Uber is actually controlled by 3 apps, not 1. There’s the customer app, which is what most people are familiar with — it’s the one that allows the customer to select a destination and get in touch with a nearby driver. But there’s also the driver app, which drivers use to navigate and keep in touch with administration — and finally, there’s the admin app.
You won’t be able to skip any of these in the MVP stage, but you can focus on a few key features that will make it easy for the market to enjoy:
This is the most important, and it should be your main area of focus. An app with no functionality is like a clock that doesn’t tell time. First and foremost, it should offer the features that give your customer the result they want. Delivering food? The app should deliver push-button delivery. Ordering a ride? The app should send a driver to your door. Generally, the faster and easier you can make this process, the more success you’ll have.
The experience of the user is critical if you want your app to gain any traction. Functionality is one thing, but how the user interacts with the app is just as important. A smooth design, good visuals, and intuitive navigation will go a long way towards getting your customers “hooked” the first time, so they continue to use your app while you add features and functionality.
You will likely have at least 2 apps: the customer app and the driver app. Each app will serve a particular purpose in order to fulfill something we already talked about — functionality.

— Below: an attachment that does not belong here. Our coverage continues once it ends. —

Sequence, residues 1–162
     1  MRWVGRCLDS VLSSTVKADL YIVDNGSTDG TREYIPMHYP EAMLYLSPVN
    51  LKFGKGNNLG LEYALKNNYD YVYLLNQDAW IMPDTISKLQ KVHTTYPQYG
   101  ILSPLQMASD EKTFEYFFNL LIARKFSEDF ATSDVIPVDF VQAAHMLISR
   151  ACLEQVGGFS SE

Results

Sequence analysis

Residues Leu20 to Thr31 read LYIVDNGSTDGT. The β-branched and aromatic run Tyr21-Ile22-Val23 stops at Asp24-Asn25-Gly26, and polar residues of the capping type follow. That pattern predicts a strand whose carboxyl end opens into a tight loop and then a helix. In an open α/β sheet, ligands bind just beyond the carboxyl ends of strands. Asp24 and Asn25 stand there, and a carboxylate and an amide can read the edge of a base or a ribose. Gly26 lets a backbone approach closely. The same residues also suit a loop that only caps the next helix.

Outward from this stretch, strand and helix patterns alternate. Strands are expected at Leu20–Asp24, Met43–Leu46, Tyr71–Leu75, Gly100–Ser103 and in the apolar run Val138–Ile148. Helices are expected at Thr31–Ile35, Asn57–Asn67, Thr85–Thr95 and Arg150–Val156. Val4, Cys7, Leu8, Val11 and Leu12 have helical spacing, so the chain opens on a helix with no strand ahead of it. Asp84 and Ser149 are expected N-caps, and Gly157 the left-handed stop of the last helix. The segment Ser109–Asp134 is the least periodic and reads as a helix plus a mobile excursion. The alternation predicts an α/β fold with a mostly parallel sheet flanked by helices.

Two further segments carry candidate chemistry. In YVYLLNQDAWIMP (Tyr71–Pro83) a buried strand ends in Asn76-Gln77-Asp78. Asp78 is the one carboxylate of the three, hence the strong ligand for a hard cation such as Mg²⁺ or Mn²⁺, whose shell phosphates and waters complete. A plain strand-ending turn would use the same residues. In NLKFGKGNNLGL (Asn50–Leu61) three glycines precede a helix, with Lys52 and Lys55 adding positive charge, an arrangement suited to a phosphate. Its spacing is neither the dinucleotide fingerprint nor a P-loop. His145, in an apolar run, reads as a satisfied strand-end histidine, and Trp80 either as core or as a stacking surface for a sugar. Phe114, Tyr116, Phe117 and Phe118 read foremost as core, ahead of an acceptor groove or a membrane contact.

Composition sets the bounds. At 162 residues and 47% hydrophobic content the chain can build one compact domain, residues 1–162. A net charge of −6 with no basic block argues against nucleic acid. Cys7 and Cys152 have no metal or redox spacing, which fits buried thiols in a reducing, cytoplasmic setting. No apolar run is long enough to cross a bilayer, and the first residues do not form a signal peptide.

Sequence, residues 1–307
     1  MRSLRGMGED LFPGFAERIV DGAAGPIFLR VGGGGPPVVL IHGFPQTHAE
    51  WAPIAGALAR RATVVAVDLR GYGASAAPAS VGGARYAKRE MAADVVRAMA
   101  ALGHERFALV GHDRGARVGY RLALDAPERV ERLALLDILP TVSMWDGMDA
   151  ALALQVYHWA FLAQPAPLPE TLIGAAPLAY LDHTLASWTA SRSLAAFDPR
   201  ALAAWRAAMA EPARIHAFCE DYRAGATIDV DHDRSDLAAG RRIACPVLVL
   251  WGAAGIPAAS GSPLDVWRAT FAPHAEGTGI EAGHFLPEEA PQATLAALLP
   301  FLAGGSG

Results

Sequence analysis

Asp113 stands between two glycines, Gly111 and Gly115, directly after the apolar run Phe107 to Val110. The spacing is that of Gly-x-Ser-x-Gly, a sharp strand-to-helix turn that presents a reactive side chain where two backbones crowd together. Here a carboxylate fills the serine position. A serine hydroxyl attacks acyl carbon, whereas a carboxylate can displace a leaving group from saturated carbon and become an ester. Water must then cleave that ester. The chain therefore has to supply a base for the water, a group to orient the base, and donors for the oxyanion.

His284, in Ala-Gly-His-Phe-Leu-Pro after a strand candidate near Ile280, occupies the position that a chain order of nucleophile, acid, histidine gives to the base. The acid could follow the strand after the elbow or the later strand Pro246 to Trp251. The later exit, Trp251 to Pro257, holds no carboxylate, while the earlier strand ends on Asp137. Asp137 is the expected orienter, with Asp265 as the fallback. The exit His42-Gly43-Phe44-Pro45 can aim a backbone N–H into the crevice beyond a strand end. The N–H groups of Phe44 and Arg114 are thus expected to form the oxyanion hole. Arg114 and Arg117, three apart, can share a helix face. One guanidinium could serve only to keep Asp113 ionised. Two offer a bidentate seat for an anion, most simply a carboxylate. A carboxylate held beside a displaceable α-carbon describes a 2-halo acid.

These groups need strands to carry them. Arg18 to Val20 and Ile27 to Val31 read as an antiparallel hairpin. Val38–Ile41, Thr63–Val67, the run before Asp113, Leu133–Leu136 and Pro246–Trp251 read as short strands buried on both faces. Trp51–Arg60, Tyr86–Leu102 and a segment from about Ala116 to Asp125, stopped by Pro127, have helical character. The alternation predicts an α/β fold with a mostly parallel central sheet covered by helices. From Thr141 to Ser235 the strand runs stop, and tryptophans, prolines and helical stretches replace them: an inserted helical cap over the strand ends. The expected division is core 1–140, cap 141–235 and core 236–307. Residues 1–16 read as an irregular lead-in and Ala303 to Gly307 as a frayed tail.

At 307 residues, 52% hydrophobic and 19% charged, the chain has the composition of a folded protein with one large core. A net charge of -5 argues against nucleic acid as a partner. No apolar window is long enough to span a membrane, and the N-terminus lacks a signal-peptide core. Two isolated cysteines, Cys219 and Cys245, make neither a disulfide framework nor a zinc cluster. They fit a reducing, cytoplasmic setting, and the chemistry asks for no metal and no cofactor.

Your app will be unique and specific to your market, so we can’t tell you what to include. However, here are examples of the minimum features Uber started with:
Customers need to be able to book a ride and track where the driver is. After booking, customers can then watch the driver progress to their location through the app in real time. (Advanced features also offer customers the ability to reserve an Uber for later and book Ubers for friends).
The app calculates the cost of the ride based on the customer’s current location and the desired location. It also gives the customer the option to use multiple forms of payment such as credit cards and cash.
To overcome the hesitation of customers who might feel nervous about getting in a car with strangers, Uber implemented a “panic button.” When passengers press the panic button, it notifies the police, the Uber admins, and passenger family members.
Likewise, here’s what will probably be in a driver app:
You need to know where your drivers are at all times. You might also consider implementing a feedback feature which regularly updates you on your driver’s performance.
Uber has a built-in navigation app that selects the best route for drivers to take. You may consider something similar.
If you’re building an app like Uber, speed and performance are the to key metrics to keep in mind. It needs to perform its functions very well to attract the initial audience. It should also hit the right UX expectations, so you keep customers coming back for more. Put an app to market with good core functionality and good UX, and add features based on feedback. We recommend outsourcing, in the name of keeping speed a priority and keeping costs down.